A more established debt market would offer borrowers, specifically corporates, greater flexibility and a wider range of funding sources. It would also extend the maturity profile of GCC-based corporates in the long-term and help to change the structural high reliance on short-term funding, which generally acts as a constraint on corporate Issuer Default Ratings (IDRs).
“Fitch believes that some of the key obstacles facing the growth of the GCC corporate debt market include the absence of a quasi risk free benchmark yield curve, limited liquidity and market efficiency,” says Sa’ed Katkhuda in Fitch’s Dubai based office. “However, a focused sovereign bond issuance programme and the existence of bond and Sukuk secondary trading platforms, such as those available in Bahrain, Dubai and Saudi Arabia, would likely help ease such obstacles.”
In addition, improved corporate governance standards, as well as the strengthening of investor protection rights, should further enhance investor’s appetite for GCC bonds, which is currently strong, albeit biased toward higher-rated entities.
Fitch notes that record aggregate GCC new bond issuance during 2009 has been accompanied by an increasing awareness by project sponsors, including State-owned entities (SOEs), of the desirability to establish debt markets as another key source of funding, alongside equity and bank loans, to support ongoing and planned projects in the region. Fitch anticipates further corporate issuance will occur in the next 12-18 months.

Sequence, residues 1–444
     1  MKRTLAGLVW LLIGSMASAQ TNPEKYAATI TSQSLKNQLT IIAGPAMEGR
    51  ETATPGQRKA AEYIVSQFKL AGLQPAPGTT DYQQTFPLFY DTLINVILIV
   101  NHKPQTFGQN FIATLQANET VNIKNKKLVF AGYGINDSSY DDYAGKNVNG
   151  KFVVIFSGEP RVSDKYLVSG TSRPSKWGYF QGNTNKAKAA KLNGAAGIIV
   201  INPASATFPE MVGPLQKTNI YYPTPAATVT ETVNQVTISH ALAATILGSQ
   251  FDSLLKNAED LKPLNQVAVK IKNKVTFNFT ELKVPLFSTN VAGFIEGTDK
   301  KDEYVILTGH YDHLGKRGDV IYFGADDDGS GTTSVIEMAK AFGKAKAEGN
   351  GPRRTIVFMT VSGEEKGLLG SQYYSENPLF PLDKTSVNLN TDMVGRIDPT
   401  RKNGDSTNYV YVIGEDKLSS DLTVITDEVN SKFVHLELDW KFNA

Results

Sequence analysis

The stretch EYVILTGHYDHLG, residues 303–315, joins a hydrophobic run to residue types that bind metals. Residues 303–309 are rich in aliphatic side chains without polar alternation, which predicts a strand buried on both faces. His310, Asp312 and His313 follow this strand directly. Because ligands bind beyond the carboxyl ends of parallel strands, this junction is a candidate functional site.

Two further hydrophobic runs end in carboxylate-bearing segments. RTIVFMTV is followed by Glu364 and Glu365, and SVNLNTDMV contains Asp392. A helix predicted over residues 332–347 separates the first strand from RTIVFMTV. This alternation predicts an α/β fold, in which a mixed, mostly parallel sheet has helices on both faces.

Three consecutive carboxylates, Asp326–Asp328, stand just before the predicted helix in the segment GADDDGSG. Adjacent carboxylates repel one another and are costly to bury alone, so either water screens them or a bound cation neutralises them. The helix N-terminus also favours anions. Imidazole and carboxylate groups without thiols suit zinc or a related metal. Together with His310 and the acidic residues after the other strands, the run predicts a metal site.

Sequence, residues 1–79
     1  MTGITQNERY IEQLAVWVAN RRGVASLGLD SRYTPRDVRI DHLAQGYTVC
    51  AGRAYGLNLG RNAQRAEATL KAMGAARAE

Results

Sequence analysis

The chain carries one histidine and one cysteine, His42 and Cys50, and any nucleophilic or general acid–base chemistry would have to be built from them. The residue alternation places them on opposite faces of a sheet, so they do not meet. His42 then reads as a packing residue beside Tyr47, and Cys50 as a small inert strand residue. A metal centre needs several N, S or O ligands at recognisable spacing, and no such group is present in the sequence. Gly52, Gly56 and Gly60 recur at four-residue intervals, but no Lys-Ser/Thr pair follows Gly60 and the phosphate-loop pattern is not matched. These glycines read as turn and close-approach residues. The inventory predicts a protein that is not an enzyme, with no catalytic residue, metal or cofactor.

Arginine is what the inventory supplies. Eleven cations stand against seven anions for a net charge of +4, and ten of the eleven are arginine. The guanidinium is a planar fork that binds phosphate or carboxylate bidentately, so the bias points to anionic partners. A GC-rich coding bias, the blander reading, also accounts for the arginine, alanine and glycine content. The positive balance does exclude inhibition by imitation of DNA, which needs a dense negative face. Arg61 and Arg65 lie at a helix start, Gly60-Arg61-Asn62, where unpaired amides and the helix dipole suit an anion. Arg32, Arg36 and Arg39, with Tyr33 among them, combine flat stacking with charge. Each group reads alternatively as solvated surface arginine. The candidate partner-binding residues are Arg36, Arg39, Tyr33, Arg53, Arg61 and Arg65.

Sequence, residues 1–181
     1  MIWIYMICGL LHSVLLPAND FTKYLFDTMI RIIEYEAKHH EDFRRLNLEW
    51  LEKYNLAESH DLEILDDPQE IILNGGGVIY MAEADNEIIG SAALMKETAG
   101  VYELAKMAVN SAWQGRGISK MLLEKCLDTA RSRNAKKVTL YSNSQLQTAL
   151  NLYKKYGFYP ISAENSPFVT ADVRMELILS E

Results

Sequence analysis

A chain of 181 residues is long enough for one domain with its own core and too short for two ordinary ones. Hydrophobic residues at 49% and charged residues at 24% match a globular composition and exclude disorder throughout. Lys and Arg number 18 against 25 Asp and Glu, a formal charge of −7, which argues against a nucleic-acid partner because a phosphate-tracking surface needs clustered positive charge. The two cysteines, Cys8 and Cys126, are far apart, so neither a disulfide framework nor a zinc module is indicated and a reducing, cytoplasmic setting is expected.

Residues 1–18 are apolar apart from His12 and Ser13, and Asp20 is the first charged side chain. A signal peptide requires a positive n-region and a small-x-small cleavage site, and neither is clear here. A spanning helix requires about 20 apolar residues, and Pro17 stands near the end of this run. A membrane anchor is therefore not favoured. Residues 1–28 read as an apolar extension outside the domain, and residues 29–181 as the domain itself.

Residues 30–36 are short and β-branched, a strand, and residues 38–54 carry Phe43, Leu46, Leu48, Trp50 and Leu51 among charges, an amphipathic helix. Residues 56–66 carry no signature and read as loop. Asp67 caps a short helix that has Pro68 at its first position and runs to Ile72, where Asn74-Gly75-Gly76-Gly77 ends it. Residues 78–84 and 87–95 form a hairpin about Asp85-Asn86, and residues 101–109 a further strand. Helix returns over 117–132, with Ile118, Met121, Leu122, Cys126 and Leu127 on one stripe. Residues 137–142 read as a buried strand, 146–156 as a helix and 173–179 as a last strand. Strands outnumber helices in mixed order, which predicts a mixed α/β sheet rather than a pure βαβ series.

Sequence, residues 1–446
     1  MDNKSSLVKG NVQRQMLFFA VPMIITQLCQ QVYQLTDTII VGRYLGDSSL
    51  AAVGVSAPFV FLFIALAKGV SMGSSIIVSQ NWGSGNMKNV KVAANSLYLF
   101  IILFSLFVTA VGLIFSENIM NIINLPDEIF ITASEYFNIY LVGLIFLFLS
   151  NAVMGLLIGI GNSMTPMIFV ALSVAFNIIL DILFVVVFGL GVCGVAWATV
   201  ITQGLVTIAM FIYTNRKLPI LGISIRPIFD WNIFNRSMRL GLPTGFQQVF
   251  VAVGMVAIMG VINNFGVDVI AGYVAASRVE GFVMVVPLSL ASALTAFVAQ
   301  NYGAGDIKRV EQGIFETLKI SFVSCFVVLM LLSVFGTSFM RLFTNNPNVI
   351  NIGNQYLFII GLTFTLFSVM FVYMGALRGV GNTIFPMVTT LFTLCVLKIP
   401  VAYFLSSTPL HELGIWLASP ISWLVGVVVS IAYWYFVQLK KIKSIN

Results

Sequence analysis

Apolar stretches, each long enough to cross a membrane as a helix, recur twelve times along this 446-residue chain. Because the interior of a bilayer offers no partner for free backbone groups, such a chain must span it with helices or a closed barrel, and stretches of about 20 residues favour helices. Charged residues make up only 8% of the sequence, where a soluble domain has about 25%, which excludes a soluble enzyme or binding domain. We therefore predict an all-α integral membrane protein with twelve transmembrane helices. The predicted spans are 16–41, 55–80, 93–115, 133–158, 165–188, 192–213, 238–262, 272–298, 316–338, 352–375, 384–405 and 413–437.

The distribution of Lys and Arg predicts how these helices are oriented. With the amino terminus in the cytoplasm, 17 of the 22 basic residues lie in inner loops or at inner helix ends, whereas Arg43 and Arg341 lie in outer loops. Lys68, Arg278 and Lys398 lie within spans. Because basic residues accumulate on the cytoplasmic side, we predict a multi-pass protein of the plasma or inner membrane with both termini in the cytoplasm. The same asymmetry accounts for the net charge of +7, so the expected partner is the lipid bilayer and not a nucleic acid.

Debt issuance in the coming years will play a crucial role as a source of GCC project funding, particularly given the major projects currently in the pipeline, elements of which will require financing, combined with strong interest from global investors. Recent sovereign bond issuance by Bahrain, Abu Dhabi and Qatar highlights the active efforts of the region’s government authorities and regulatory bodies to expand the regional debt market.
Historically, debt securities in the GCC as an asset class, particularly in local currency, have remained largely under-utilised. The main reason was due to governments’ large budget surpluses and private sector corporates mainly relying on bank borrowing, both domestically and internationally, to fund their activities along with easy access to equity financing. This has hindered the growth of the region’s debt market. Fitch also believes that many large GCC-based issuers will continue to place their issuance internationally in order to access a wider investor’s base.
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